I wrote earlier this week about the need for the Texas legislature, during its next session beginning in January 2013, to fund the State Water Plan (see Ask the legislature to fund the water plan). I am writing now to share an update on Lake Travis and Lake Buchanan, where Austin and Travis County get virtually all of their water. This graphic from the LCRA provides a very good snapshot:
Unless it rains in the next three days, this will be the driest November in more than 100 years. Even without releasing water for “interruptible” downstream agricultural use in 2012 there is less water in the lakes today than we used in 2011.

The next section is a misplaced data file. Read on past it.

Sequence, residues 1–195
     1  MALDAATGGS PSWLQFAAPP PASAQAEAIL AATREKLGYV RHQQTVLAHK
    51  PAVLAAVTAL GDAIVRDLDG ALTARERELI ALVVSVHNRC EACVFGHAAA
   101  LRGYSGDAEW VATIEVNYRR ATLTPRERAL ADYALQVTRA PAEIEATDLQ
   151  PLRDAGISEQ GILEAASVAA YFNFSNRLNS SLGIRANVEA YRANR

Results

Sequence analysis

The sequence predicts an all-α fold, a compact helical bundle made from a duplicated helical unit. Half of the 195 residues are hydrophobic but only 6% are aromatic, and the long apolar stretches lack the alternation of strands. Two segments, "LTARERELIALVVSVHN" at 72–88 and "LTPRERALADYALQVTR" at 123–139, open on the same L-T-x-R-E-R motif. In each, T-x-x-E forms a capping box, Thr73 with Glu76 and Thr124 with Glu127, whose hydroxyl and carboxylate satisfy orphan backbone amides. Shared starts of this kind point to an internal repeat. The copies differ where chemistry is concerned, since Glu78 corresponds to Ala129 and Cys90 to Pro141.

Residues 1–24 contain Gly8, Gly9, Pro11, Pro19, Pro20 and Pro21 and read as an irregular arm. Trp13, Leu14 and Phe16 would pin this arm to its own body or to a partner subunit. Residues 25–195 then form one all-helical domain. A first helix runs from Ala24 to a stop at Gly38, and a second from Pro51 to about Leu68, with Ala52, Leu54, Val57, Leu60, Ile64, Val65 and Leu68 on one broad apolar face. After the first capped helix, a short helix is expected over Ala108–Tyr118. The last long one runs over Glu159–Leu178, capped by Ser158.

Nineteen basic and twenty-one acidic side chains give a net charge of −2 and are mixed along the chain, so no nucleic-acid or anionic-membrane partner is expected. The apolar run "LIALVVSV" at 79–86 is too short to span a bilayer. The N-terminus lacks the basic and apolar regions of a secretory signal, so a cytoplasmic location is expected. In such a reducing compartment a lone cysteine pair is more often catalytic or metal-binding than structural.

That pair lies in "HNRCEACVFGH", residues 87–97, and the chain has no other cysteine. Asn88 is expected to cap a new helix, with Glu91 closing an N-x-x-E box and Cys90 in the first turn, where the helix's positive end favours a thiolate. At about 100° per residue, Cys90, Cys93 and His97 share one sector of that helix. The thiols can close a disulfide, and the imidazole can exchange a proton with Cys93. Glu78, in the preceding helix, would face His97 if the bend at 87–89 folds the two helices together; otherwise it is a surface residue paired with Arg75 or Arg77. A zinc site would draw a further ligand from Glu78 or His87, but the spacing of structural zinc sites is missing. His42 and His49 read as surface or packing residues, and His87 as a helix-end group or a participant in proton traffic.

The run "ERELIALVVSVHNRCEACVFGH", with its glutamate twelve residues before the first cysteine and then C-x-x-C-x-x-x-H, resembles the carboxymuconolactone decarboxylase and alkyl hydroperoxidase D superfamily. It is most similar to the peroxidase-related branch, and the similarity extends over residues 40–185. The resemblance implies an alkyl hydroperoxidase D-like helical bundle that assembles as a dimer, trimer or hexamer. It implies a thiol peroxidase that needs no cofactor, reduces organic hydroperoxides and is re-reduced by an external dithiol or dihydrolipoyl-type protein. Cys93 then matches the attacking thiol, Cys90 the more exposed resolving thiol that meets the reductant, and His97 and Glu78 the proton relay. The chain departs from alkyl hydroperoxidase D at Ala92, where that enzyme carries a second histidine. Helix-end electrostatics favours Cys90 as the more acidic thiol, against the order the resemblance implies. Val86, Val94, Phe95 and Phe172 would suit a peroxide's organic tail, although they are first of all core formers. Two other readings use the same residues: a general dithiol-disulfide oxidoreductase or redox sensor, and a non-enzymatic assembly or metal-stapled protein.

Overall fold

Interestingly, by the end of September 2012 we recorded more rain this year than the 30-year annual average from 1981 through 2010. Most of it completely missed the Highland Lakes, however. The rainfall may help to reduce usage somewhat where it fell, but it did very little to replenish badly needed supply. Here is LCRA’s projection of possible future scenarios:
Stored volume in the lakes is already well below the 900,000 acre-foot trigger point and about equal to the “average conditions” forecast. Time will tell how long and how far lake levels will continue to fall, but there is no rational argument against implementing the State Water Plan. There are legitimate discussions to be had about how funding should be done, but it must be done during this legislative session.